“The meetings focused on reducing the United States’ trade deficit by facilitating the supply of agricultural and energy products to meet China’s growing consumption needs, which will help support growth and employment in the United States.
“The United States officials conveyed President Donald J. Trump’s clear goal for achieving a fair trading relationship with China. The delegations will now report back to receive guidance on the path forward.”
Mexico on Monday said it would follow Canada and initiate a dispute settlement process at the World Trade Organization over the tariffs on steel and aluminum that Trump has said the United States will impose.
Mexico has also said it will impose retaliatory tariffs on a number of U.S. products including apples, cheeses and pork legs and shoulders.
Summit Commodities market analyst Tim Marsh says U.S. pork may have dodged a bullet because Mexico did not include hams on the list, the Red River Farm Network reported.
Canadian Minister of Foreign Affairs Chrystia Freeland on CNN Monday continued Canadian Prime Minister Justin Trudeau’s criticism last week of Trump’s tariffs on Canadian steel and aluminum.
“it is important for Americans to understand the justification under your rules for the imposition of these tariffs was a national security consideration,” Freeland said.
“So, what you are saying to us and to all of your NATO allies is that we somehow represent a national security threat to the United States. And I would just say to all of Canada’s American friends — and there are so many — seriously? Do you really believe that Canada, that your NATO allies represent a national security threat to you? . . . And so this is a really sad time for us. We are hurt, and we are insulted.”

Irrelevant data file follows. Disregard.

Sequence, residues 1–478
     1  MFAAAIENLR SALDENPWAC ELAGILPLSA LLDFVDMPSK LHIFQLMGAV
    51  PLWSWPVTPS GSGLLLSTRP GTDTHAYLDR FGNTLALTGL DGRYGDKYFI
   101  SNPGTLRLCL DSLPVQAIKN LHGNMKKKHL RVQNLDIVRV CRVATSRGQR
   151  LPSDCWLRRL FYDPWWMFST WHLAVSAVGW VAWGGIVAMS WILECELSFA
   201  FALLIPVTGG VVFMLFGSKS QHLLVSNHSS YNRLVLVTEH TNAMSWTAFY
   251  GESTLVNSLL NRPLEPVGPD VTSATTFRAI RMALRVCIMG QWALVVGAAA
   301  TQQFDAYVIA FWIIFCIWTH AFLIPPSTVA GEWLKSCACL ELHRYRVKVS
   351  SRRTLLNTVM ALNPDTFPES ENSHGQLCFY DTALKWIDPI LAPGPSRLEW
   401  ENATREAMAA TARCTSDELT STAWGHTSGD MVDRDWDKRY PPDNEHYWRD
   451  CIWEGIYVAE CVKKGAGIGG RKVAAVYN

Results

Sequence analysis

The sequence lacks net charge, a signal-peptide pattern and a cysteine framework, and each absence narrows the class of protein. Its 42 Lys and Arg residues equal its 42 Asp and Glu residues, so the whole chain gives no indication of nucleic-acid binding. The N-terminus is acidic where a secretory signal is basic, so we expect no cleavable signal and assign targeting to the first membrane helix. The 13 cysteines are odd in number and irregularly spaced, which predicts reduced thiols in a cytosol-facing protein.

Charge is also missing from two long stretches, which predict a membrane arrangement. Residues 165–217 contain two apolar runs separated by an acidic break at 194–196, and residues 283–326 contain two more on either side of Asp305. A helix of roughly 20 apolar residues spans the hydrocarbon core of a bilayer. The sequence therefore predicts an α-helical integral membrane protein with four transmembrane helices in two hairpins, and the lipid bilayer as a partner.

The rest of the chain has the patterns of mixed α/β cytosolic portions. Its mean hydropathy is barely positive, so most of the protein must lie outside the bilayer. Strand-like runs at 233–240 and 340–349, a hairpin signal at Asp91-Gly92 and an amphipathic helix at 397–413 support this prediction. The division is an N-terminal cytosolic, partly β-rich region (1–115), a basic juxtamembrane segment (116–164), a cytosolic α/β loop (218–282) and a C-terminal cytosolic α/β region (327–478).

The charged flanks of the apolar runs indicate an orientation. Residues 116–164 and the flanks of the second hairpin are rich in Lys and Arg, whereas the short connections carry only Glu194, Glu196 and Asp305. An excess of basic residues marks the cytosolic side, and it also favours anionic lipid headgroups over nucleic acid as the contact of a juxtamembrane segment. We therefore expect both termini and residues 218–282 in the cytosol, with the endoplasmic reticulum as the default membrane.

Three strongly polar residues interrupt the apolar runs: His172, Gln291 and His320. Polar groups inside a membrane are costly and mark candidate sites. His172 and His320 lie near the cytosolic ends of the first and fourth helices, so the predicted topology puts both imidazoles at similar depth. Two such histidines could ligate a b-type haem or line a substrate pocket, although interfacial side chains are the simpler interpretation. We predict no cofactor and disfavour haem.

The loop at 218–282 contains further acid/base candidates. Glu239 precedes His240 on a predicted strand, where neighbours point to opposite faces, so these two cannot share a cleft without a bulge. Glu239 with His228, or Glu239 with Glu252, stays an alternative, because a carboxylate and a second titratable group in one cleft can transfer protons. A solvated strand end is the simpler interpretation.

Asked if the United States and Canada are in a trade war, Freeland said, “I would prefer not to use that kind of bellicose, militaristic language when talking about trade, but this is the strongest trade action Canada has taken since the Second World War.”
The Canadian Broadcasting Company said in an analysis that the Canadian government had very carefully chosen products on which to retaliate for maximum political pressure.
“This list was clearly drawn strategically to exert maximum pain politically for the president,” Maryscott Greenwood of the Canadian American Business Council told the CBC.
“The idea is, you look at a map of the congressional districts of the United States, you look at which members of Congress are in leadership positions and then you look at the big industries in those districts and then you draw up your list accordingly,” she said. “And this list was clearly drawn up with this in mind.”
British Prime Minister Theresa May, after a call to Trump on Monday, said that the tariffs on steel and aluminum from the European Union countries are “unjustified and deeply disappointing.”
The White House in its readout said that Trump and May discussed many subjects and that “the president further underscored the need to rebalance trade with Europe and expressed hope for a ‘Brexit’ deal that does not increase tensions on the Northern Ireland border.
Asked how Trump responded to May’s statement, Sanders said, “The president feels very confident in his decision, and we’ll continue to make sure that the unfair trade practices that have gone on for decades do not continue, and that he’s protecting the interest of American workers and American businesses.”
Trump is scheduled to meet with May and the other G7 leaders in Canada later this week.
But on Saturday the finance ministers of the other six members of the G7 group met, and Canadian Finance Minister Bill Morneau issued a summary saying the other members want Trump to hear their message of “concern and disappointment” over the U.S. trade actions, The Washington Post reported.